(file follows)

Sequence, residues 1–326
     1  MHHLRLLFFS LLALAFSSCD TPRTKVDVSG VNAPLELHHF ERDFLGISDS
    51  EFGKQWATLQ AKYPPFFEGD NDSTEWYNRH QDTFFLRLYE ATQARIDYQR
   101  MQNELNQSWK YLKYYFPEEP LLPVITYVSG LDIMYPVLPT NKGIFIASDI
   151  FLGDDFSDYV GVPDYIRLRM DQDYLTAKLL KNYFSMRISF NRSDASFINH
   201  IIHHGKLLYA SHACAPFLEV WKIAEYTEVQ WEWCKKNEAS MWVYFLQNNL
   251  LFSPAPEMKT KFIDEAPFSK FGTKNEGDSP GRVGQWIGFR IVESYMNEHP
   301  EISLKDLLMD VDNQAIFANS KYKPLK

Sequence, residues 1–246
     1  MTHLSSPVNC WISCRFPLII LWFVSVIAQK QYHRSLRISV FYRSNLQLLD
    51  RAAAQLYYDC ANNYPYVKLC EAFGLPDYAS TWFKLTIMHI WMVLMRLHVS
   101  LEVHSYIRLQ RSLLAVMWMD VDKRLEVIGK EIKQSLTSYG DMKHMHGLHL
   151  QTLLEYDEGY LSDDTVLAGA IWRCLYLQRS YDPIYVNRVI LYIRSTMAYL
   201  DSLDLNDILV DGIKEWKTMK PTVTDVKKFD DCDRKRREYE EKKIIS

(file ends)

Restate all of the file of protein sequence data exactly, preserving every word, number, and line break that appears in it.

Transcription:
Sequence, residues 1–326
     1  MHHLRLLFFS LLALAFSSCD TPRTKVDVSG VNAPLELHHF ERDFLGISDS
    51  EFGKQWATLQ AKYPPFFEGD NDSTEWYNRH QDTFFLRLYE ATQARIDYQR
   101  MQNELNQSWK YLKYYFPEEP LLPVITYVSG LDIMYPVLPT NKGIFIASDI
   151  FLGDDFSDYV GVPDYIRLRM DQDYLTAKLL KNYFSMRISF NRSDASFINH
   201  IIHHGKLLYA SHACAPFLEV WKIAEYTEVQ WEWCKKNEAS MWVYFLQNNL
   251  LFSPAPEMKT KFIDEAPFSK FGTKNEGDSP GRVGQWIGFR IVESYMNEHP
   301  EISLKDLLMD VDNQAIFANS KYKPLK

Sequence, residues 1–246
     1  MTHLSSPVNC WISCRFPLII LWFVSVIAQK QYHRSLRISV FYRSNLQLLD
    51  RAAAQLYYDC ANNYPYVKLC EAFGLPDYAS TWFKLTIMHI WMVLMRLHVS
   101  LEVHSYIRLQ RSLLAVMWMD VDKRLEVIGK EIKQSLTSYG DMKHMHGLHL
   151  QTLLEYDEGY LSDDTVLAGA IWRCLYLQRS YDPIYVNRVI LYIRSTMAYL
   201  DSLDLNDILV DGIKEWKTMK PTVTDVKKFD DCDRKRREYE EKKIIS